In these uncertain times, many Americans are finding themselves in need of some type of financial relief or assistance. This can come in many forms, including deferring credit card payments, receiving unemployment, or getting a stimulus check from the government, just to name a few. When it comes to your mortgage, relief may be available in the form of a grace period.
What Is A Grace Period For Mortgage Payments?
For most Americans, buying a home means taking out a mortgage. During this process, we’re inundated by a slew of legal terms and conditions regarding the mortgage from how long its term is to when and how we’ll pay it (and a ton of other stuff in between). Probably the most critical advice we receive is that paying our mortgage payments on time is, frankly, pretty dang important. If we don’t, we can expect fees and possibly dings to our credit score, and sometimes it can even mean losing our home. A grace period eases these consequences a bit, ensuring that fees or credit nicks don't happen right away if you can’t pay on time. The amount of time in the grace period varies, but it usually is 2 weeks.
To be clear, you should always pay your mortgage on time if you’re able to, and a grace period does not absolve you of having to make the payment. It merely gives you a little more time to get it paid before late fees and other negative consequences set in. It’s also a great feature to have if you accidentally forget to make a payment but catch the mistake before the grace period has expired.
Why Do Lenders Offer Grace Periods?
You may be wondering, “what’s in it for the lender to let me pay my mortgage late?” Well, in some cases they have no choice. To protect borrowers from late fees, many states have laws that make it illegal for mortgage companies to not offer grace periods. In addition, lenders know that different borrowers have different days of the month that they pay their mortgage on, so grace periods take that into account. They also understand that many factors can delay a payment that are not the fault of the borrower. Bank holidays causing processing delays or mail delivery being held up are just a couple examples. Lenders know that life happens and sometimes making sure that borrowers pay their bills takes a little ... well ... grace.
Does My Mortgage Loan Provide A Grace Period?
While there may be information about grace periods on your billing statement, the first thing to do is to look at your mortgage note. When you close on your home, you receive a signed copy of your mortgage note and the original document stays with your lender, only to be returned to you on that blissful day that the loan is completely paid off. The note includes the date of the month that your mortgage is due (usually the 1st) and whether or not you have a grace period to pay, among other things.
Unfortunately, this isn’t something you can negotiate after the fact, so if there is no grace period mentioned on your mortgage note, it just doesn't exist.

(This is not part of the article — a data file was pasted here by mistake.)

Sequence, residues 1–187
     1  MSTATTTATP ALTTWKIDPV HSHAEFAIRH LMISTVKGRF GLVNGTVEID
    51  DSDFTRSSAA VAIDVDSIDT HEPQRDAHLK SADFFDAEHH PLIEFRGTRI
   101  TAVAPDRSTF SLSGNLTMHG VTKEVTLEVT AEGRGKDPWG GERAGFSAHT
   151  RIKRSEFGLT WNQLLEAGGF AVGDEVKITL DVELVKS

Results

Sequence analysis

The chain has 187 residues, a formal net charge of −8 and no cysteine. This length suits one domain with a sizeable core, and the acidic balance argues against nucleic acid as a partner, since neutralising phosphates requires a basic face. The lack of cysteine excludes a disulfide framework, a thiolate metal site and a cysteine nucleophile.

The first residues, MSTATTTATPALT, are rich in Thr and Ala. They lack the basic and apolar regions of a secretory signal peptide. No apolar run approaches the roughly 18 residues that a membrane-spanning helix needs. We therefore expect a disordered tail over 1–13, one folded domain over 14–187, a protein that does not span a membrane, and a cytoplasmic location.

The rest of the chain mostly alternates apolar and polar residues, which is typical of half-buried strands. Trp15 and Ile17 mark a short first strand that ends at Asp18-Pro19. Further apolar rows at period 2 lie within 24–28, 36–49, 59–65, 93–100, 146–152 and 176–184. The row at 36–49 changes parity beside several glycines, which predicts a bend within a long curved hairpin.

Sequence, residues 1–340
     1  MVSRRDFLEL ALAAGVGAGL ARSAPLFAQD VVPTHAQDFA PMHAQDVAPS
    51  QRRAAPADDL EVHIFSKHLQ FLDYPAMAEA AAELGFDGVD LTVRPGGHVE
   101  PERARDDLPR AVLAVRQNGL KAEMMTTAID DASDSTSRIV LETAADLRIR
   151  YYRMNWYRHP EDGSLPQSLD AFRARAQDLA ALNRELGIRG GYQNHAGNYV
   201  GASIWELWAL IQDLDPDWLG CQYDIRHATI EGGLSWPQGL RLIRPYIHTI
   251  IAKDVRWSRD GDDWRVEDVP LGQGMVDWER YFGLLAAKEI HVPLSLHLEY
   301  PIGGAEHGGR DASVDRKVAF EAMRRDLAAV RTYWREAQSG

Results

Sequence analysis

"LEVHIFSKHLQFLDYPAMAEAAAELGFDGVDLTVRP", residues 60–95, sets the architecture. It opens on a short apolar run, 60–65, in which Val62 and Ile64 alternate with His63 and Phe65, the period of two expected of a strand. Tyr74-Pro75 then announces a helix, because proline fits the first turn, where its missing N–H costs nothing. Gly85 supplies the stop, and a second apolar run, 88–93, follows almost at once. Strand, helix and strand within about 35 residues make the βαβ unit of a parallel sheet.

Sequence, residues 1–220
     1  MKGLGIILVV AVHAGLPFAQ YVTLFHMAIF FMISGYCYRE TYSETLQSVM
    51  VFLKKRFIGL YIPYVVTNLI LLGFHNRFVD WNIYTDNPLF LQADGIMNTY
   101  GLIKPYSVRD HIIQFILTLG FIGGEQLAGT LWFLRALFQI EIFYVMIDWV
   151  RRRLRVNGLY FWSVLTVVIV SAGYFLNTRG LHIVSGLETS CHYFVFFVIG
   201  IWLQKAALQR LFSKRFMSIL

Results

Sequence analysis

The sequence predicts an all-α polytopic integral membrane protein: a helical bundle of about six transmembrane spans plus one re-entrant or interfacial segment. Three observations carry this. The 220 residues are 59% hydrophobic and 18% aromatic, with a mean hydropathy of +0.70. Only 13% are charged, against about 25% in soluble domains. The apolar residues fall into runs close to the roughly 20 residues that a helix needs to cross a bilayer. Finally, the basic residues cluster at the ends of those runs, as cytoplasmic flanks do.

What Happens If I Pay Within The Grace Period?
Not much – the whole idea of a grace period is to allow late payments without consequences. But that doesn't mean you should rely on it. Grace periods are no doubt wonderful to have, saving forgetful homeowners lots of money each year, especially if their late penalty is calculated as a percentage of their monthly payment. That said, best practices from a credit score perspective encourage us to make our payments on or before the due date, so always go that route if you can. One way to ensure this is to make payments online to avoid mail and bank processing delays. An even better solution is to enroll in automatic payments so you can just set it and (never) forget it.
What Happens If I Cannot Make My Payment Within The Grace Period?
If you’re unable to make your payment when it’s due or even within the grace period after it’s due there are a few consequences you can expect. First off, late fees will be imposed in the form of a flat fee or a percentage of your monthly payment. This amount depends on your lender, so some get hit harder than others, but we all prefer to avoid fees when we can. Obviously these don’t go away when the month turns over either, so they can really add up and put a bigger and bigger financial burden on you.
Beyond this, late payments are a big no-no when it comes to your credit score. After 30 days, your lender will report the missed payment to credit reporting agencies, and failure to make a timely mortgage payment will cause your credit score to drop significantly. This will make borrowing in the future more expensive and difficult as you work to repair your credit. So what do you do if you can’t pay? Talk to your lender right away as soon as you fall behind on your mortgage payment, tell them the circumstances you’re facing that are preventing you from paying, and let them know when you will be able to start making your payments on time again.
Summary: Grace Periods, Your Free Pass
Grace periods are a great way to have a little wiggle room when it comes to paying your mortgage. It’s as easy as 1,2,3 ...
- Check your mortgage note to make sure you are crystal clear on the terms of your loan.
- Do the best you can to make your mortgage payment on or before the due date.
- If you can’t pay on or before the due date, avoid late fees and negative credit hits by paying before the grace period has ended.
Still have questions about grace periods? Speak with one of our mortgage experts today!